Have you ever opened a jar of wood finish that you mixed months ago, only to find that it looks like this? A semi-solid gelatinous mass?

Solidified bottle of wood finish

While it looks cool, and feels cool when you touch it, it also means money down the drain. When most wood finishes are exposed to oxygen, the finishes become ruined over time. For many years I would just crush the cans inward to reduce the amount of oxygen that could stay in the can. But this method just delays the inevitable. I’ve still got a number of cans with ruined finish sitting on my shelves.

empty cans of wood finish including waterlox, minwax antique oil finish and watco danish oil

Several years ago I researched other methods for displacing oxygen in the wood finish cans. I didn’t feel comfortable adding kerosene to the wood finish, as some people suggested. Some manufactures sell plastic squeeze bags that looked promising, but seemed a bit expensive over time. Bloxygen sounded like the most popular & safe method, so I tried that for awhile. Bloxygen is a can of compressed argon gas, which apparently settles below the oxygen in the container, extending the life of your wood finish (you can read more about Bloxygen here).

Hand holding a can of bloxygen argon gas for finish preservation

Like many people, when I tried the Bloxygen, I thought they sent me an empty can. The manufacture assured me that there was indeed argon gas in the can. So I was finally able to hear a bit of argon gas coming from the can. But for some reason it only lasted for a few cans of wood finish. Maybe I did something wrong? So at $13 a bottle, it was costing me several dollars each time I opened a can of finish. It would be cheaper to just let my finish go bad. So I did some more research, and came across a contraption of the 1990’s used by people to preserve food in jars, called the Pump-N-Seal®. I even found their cool infomercial from the 90’s…Rad!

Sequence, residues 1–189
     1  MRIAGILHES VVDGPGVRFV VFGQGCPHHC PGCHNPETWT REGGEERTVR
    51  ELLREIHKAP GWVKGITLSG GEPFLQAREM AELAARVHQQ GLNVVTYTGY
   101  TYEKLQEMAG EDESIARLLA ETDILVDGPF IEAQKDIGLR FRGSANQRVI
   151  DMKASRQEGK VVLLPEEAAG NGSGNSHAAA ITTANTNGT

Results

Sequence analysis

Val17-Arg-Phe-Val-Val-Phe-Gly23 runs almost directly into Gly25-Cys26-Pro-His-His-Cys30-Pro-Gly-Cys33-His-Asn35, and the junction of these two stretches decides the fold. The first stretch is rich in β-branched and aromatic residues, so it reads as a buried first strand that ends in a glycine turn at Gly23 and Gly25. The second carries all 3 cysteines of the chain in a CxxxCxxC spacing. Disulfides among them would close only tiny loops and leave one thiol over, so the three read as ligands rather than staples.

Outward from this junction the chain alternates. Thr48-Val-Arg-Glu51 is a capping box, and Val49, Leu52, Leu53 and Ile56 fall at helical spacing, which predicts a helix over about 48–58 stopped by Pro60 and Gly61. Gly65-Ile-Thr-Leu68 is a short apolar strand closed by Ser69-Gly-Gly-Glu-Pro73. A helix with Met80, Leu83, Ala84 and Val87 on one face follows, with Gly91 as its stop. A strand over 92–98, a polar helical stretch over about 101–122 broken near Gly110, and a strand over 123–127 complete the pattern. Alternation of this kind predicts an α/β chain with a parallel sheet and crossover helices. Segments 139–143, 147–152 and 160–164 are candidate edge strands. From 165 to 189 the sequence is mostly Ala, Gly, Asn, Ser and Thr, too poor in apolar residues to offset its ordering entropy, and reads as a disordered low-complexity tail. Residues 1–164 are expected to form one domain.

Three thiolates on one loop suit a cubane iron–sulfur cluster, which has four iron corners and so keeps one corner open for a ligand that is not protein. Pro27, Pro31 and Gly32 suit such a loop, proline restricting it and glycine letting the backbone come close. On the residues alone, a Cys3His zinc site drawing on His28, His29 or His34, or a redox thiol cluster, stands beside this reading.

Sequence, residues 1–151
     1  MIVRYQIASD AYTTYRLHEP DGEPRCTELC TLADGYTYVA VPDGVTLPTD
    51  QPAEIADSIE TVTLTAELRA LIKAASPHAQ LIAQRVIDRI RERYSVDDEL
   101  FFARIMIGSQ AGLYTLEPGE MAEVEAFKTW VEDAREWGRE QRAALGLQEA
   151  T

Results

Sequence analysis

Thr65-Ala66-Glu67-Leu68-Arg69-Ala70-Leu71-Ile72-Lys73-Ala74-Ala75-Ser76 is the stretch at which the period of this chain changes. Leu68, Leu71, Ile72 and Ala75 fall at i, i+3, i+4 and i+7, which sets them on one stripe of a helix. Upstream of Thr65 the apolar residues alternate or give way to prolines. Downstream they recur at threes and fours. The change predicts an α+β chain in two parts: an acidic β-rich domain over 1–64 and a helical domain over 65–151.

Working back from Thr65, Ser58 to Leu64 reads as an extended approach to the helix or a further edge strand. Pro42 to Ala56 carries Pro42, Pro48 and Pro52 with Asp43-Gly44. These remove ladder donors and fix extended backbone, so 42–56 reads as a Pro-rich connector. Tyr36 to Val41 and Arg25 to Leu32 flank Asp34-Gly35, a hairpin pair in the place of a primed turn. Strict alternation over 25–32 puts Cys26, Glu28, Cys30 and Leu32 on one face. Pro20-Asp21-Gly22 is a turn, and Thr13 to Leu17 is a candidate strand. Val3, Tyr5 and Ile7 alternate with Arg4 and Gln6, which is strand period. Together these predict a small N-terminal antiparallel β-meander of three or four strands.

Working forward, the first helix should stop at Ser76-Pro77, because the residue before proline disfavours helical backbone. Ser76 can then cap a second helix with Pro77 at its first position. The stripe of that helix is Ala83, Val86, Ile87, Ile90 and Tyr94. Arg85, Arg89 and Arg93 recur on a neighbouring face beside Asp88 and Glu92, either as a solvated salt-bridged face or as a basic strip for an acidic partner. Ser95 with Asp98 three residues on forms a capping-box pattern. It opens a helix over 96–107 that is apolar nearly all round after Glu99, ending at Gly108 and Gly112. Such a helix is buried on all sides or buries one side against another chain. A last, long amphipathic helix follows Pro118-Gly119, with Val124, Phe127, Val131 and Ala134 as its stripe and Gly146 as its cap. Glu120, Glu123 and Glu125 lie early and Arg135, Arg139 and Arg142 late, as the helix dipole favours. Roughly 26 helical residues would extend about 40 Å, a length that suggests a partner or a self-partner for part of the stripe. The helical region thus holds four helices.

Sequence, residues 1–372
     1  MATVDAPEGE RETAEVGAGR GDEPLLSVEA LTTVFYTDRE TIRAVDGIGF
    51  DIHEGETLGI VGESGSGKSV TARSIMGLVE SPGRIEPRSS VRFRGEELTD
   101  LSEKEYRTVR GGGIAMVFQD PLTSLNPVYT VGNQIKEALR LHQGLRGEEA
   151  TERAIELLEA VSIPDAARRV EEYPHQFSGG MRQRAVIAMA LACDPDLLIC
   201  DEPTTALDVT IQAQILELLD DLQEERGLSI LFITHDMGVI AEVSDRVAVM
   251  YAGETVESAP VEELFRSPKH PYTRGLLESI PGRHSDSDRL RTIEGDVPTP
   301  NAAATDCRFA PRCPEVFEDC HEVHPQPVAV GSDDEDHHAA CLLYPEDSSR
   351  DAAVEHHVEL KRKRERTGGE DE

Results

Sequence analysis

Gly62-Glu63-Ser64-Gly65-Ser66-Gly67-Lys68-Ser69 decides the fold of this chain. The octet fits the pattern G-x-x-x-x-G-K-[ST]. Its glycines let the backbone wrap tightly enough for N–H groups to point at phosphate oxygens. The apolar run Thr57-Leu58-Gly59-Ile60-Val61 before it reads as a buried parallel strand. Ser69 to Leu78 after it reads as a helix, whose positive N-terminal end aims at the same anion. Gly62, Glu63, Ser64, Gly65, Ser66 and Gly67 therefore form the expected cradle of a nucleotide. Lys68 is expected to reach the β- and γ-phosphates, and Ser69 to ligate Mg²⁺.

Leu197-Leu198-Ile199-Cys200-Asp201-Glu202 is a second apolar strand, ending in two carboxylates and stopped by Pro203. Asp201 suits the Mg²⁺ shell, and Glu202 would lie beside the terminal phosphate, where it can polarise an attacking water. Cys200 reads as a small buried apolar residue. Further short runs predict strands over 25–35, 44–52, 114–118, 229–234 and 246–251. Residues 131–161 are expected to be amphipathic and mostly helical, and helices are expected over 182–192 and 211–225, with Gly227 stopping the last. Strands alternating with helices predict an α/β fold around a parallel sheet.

I tried emailing the company with questions, but wasn’t able to get a response. But, my order did go through just fine, and now it’s my go to way to preserve wood finishes. You can find the Pump-N-Seal® pump here, for $34.95 (including shipping). The way I figure it, that’s the cost of a quart of Waterlox varnish, so it should pay for itself P.D.Q.

Pump-n-seal sitting on a jar of wood finish with other colorful jars next to it

The pump is quite easy to use. I use glass canning jars that are left over from when we preserve peaches or pickles or salsa. You can even recycle pasta sauce jars, jam jars, or peanut jars. Just make sure the metal lid has a functional rubber seal.

thumb tack pushed a hole in a ball canning jar

Punch a tiny hole in the top of the lid (they even provide a thumb tack), the place the little yellow sticker (called a “tab check”) over that hole. Press it down firmly.

pump n seal yellow sticker over hole on ball canning jar lid

Place the pump over the hole, and then start pumping away (10 times seems to work fine). The pump can be easily removed by pulling up on the suction cup tab.

Pump-n-seal sitting on a jar of wood finish with other colorful jars next to it

The wood finish lasts a long time, and the lid can be sealed over, and over again, without having to replace the yellow tab check. This is a major benefit over argon gas, which has to be sprayed each time you finish up using the wood finish. That’s it!

What do you do to keep your wood finish from going bad? Please comment at the bottom of this page to share your ideas. Also, here are some upcoming classes at the Wood and Shop Traditional Woodworking School:

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David Ray Pine adding finish to dovetail wood box

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